While I am loathe to recommend a book I haven't yet read, as your resident Vintage Housekeeping, Hollywood worshipping, book reading, boudoir dweller, I feel obliged to pint you in the direction of Susie Boyt's apparently spellbinding tale of what it is to live your life hero worshipping someone as universally beloved and perhaps deeply tragic as Judy Garland...
"At the cinema for the first time with my mother, I listened, transfixed, to Dorothy singing Over the Rainbow. I had never heard anything like it in my life. It was immediately clear to me that Garland’s singing bypassed all the indignity of strong feelings that I was grappling with, and instead she capitalised on her struggles, she absolutely led with them, presenting them as the best things life contains. Since early childhood I have always entertained a lot of dark thoughts-I put out a welcome mat for them, I feed them and clothe them - but Judy Garland, to my small frame, seemed miraculously to transform the harsher truths of life into something wonderful, where all feelings, however dark, are good and true because they’re yours. There was an instant –and I felt it even then-historic meeting between us, a kind of tessellation of spirit accompanied by thick bolts of not just fellow feeling but of fellow being. I wanted to slip right then inside the screen.
As I grew older Judy seemed to confirm the beliefs that I’d all my life held to be true:
* Things that are hard have more of life at their heart than things that are easy.
* The future must prove better and happier than the past.
* All feelings, however painful, are to be prized.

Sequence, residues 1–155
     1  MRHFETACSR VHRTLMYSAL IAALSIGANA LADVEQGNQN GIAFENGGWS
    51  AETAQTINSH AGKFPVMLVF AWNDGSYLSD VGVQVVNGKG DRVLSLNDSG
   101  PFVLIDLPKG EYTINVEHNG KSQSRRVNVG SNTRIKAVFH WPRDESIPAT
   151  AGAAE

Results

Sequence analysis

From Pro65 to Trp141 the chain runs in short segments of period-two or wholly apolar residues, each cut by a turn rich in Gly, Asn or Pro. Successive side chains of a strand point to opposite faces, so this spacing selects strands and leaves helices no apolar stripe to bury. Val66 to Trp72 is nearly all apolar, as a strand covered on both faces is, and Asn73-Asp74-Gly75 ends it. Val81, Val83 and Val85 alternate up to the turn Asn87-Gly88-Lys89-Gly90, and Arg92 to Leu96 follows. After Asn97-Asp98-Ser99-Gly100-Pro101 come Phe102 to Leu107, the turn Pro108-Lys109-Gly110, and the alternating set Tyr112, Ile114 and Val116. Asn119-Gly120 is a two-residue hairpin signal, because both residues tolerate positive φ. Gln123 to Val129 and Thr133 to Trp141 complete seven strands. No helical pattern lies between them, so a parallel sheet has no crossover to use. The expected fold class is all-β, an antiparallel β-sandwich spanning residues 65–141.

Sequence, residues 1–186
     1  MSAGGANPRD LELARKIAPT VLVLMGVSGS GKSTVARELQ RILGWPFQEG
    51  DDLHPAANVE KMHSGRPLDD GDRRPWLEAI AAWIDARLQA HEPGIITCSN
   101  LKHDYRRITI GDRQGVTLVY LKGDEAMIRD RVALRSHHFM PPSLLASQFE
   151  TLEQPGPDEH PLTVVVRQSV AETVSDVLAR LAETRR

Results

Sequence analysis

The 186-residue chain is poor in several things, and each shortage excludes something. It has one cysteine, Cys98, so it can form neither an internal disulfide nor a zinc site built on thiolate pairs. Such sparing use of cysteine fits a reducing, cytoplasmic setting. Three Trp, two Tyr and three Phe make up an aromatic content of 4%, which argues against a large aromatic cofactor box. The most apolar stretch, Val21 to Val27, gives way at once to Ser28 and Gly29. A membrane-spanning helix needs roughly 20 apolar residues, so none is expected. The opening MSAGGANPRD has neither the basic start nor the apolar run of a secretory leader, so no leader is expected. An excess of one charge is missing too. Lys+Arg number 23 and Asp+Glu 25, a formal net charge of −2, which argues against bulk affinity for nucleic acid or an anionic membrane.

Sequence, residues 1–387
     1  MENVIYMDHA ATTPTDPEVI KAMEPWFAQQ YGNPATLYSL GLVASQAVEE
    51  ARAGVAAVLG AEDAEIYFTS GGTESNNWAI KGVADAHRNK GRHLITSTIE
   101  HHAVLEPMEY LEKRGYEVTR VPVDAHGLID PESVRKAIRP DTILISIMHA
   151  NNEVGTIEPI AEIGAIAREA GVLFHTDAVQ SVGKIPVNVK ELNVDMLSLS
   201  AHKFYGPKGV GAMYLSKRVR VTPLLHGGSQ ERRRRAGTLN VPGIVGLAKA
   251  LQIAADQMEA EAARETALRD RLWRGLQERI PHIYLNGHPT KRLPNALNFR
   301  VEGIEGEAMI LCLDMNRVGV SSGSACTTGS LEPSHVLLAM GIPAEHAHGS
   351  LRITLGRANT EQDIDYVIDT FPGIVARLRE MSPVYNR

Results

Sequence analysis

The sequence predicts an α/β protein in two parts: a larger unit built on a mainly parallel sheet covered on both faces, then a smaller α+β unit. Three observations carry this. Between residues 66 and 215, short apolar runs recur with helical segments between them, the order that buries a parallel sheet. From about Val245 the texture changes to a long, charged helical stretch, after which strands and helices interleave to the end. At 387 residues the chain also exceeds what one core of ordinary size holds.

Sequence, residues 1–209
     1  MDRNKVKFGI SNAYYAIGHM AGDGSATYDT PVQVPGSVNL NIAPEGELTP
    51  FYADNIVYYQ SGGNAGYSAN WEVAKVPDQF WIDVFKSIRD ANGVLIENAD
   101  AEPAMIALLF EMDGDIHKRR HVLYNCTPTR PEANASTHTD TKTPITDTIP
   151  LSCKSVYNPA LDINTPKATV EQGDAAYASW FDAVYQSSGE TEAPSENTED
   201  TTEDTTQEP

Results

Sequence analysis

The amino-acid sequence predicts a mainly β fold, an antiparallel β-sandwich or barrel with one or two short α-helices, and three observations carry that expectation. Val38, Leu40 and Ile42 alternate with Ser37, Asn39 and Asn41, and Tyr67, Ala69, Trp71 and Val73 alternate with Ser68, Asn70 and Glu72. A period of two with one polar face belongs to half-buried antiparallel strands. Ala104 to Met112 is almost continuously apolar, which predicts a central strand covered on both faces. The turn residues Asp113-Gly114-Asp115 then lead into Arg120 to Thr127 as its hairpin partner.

* The opposite of good feelings are not bad feelings but no feelings.
* Glamour is a moral stance.
* The world is crueller and more wonderful than anyone ever says.
* Loss, its memory and its anticipation, lies at the heart of human experience.
* Any human situation, however deadly, can be changed, turned round and
improved beyond recognition on any given day, in one minute, in one hour.
* You must try to prepare for the moment that you’re needed for the call could
come at any time.
* The fluctuations of the heart mark the trajectory of the human career,
but you must try not to pay this too much heed.
* There are worse things in life than being taken for a ride.
* If you have a thin skin all aspects of life cost more and have more value.
* Loyalty to one other is preferable to any other kind of human system.
* Grief is no real match for the human heart, which is an infinitely resourceful organ."
I, for one, cannot think of anything more exciting than reading something that promises to combine autobiography, biography and a tiny sprinkle of self help in a book wearing Dorothy's shoes.
Pray tell, does it sound wonderful or does it sound wonderful?